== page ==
Security Alerts, Scams & News

Top 4 COVID-19 Scams to Watch Out For 

1. Malicious Websites
Throughout the COVID-19 pandemic, cyber threat actors have consistently capitalized on global interest surrounding the latest information on the virus. These threat actors take advantage of internet users by registering website domains related to COVID-19. Fake websites and applications typically claim to share news, testing results, or other resources, however, they ONLY want your credentials, bank account information, or to infect your devices with malware.

2. Phishing Emails
Expect phishing emails to be on the rise Cyber threat actors will utilize COVID-19 phishing emails in an attempt to convince the recipient to either reveal sensitive information (i.e. bank account information), or simply try to convince the recipient to open a malicious link or attachment, allowing them to potentially access your system.  

3. Fraudulent Charities
For as long as the pandemic is around there will always be consistent attempts by threat actors to create fraudulent charities seeking donations for illegitimate or non-existent organizations. Fake charity and donation websites will try to take advantage of one’s good will, especially during such hard times. Always do your research before donating and providing any information.

4. Unemployment Scams
As tax season is quickly approaching, be wary of identity theft scams involving fraudulent claims, especially surrounding unemployment benefits. This scam has especially skyrocketed during the COVID-19 pandemic as unemployment claims in general have been on the rise. The most typical scams to be on the lookout for (but are not limited to) include telling recipients that they’ve won contests, a cash prize, or are eligible for an award for applying for unemployment.  

The Security Tips Newsletter can be read in its entirety for other valuable information.  

Money Mule 

What is a Money Mule?
If someone sends you money and asks you to send it to someone else, STOP! You could be what is being called a “Money Mule", someone scammers use to transfer and launder stolen money. Scammers are taking advantage of the uncertainty and fear surrounding the COVID-19 pandemic to steal your money, access your personal and financial information, and use you as a money mule.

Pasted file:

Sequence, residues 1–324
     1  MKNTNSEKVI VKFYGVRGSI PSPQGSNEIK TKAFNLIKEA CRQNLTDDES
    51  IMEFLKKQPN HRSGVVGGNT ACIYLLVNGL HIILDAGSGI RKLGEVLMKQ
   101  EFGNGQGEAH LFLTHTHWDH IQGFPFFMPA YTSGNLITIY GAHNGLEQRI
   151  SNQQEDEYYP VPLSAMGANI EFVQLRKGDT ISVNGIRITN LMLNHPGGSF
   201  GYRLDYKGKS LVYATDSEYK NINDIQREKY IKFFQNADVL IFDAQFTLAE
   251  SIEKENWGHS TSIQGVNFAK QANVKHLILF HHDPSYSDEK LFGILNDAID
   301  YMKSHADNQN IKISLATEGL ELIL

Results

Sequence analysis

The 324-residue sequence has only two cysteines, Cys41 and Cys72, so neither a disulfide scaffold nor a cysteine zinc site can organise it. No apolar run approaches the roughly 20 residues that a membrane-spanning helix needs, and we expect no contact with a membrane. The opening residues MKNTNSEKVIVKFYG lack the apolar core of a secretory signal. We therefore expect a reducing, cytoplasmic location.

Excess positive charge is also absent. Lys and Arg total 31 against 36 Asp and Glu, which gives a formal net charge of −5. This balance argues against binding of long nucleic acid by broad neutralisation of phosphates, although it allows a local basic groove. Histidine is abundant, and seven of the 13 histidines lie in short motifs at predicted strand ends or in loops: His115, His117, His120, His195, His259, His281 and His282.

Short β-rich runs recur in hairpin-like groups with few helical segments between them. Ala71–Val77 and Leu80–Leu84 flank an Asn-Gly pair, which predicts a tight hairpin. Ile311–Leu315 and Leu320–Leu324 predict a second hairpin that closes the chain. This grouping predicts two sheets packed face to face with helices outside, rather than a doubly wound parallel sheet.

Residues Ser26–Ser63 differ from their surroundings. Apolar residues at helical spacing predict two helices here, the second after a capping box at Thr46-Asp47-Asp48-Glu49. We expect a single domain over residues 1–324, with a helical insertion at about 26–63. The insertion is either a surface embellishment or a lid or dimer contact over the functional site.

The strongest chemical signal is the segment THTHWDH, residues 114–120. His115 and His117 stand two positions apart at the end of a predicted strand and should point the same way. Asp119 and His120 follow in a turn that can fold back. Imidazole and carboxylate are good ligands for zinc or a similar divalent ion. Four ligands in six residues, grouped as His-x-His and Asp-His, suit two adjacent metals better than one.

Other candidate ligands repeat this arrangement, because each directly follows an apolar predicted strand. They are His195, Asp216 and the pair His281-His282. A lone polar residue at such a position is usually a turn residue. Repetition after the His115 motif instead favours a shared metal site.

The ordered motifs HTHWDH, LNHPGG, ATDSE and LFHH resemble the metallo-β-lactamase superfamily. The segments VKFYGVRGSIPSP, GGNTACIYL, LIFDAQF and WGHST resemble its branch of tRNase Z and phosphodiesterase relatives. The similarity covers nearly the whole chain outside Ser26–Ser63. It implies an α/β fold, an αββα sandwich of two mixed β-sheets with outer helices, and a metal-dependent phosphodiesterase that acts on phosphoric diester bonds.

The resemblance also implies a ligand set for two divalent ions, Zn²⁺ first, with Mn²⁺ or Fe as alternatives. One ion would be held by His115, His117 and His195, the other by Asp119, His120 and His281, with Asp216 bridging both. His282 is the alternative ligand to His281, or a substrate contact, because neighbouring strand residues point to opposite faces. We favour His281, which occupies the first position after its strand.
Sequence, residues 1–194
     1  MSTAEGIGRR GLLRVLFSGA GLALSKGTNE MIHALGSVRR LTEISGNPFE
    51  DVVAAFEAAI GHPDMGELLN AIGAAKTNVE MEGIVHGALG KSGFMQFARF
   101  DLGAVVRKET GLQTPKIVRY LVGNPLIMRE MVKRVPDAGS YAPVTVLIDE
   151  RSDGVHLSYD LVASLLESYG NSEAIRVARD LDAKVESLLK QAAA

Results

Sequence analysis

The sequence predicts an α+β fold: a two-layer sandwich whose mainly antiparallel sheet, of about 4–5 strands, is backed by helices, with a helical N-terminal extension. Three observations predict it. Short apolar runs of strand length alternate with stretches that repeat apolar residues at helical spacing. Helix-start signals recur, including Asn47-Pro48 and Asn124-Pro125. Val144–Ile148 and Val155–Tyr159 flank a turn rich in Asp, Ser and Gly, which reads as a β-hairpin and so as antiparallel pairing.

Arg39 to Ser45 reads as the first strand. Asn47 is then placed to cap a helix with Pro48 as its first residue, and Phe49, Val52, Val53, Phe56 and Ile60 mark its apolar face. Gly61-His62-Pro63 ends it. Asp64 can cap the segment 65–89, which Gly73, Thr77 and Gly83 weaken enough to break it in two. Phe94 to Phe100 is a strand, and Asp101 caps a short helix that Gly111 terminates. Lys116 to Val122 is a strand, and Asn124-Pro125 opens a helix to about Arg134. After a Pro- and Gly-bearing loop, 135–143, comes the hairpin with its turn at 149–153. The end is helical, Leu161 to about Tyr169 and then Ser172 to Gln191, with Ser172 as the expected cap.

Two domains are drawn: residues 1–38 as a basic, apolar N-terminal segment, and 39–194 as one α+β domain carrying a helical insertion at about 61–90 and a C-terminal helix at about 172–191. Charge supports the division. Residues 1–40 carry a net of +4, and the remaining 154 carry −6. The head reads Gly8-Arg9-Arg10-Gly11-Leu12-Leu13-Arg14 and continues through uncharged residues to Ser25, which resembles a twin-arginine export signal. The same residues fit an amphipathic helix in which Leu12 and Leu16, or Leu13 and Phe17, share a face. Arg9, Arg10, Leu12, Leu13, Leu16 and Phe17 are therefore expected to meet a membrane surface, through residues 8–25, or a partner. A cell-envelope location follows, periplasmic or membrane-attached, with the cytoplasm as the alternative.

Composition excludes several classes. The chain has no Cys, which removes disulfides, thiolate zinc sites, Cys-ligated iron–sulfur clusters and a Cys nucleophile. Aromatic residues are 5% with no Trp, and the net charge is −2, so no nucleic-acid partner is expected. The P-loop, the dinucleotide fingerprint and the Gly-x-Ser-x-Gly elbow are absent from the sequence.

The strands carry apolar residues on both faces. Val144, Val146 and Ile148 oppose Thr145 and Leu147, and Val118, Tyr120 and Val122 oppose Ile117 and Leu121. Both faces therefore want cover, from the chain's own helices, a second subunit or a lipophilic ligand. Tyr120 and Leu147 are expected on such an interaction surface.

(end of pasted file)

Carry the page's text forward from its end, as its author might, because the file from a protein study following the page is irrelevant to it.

TSB Debit Card Customers - Scam Alert 

2/20/2020 - Tennessee State Bank has been informed by our debit card customers that they received calls or text messages that appear to be coming from TSB FraudWatch.  Please read the letter that was sent to our debit card customers.  

Data Privacy Day - 

This Year's Theme for Data Privacy Day - January 28, 2020 
This year, Data Privacy Day will spotlight the value of information. Whether you’re an individual looking to better manage your privacy and how your data is collected and shared, or a business collecting, using and storing that information, remember: Personal information is like money. Value it. Protect it.

Data Privacy Day is an international effort held annually on Jan. 28 to create awareness about the importance of respecting privacy, safeguarding data and enabling trust.  Data Privacy Day (DPD) is officially lead by the National Cyber Security Alliance in North America. It is an international effort held annually on January 28 to create awareness about the importance of respecting privacy, safeguarding data and enabling trust. DPD highlights easy ways to protect personal information and reminds organizations that privacy is good for business. This year, we are encouraging everyone to “Own Your Privacy” by learning more about how to help protect the valuable data that is online.

 Despite many organizations best efforts in handling and using your private information properly, the countless breaches of Privacy by cyber criminals in the past few years have resulted in the exposure of information about millions of people. One reaction to such breaches can be to provide credit monitoring for one year. This is a very short amount of time to have such a protection. Those that have stolen the information, or those to whom they have passed it on, may hold it for much longer than a year before using it to steal your identity, commit credit card fraud, or worse in your name. If you have been a victim of a breach, check out some of the FTC’s resources on starting a credit freeze to protect yourself.

Protecting privacy is both your responsibility and that of those individuals and organizations that have information about you. Do everything in your power to be aware of how you personally can compromise your privacy and hold those organizations that you engage with accountable for their management, or mismanagement, of your personal information.


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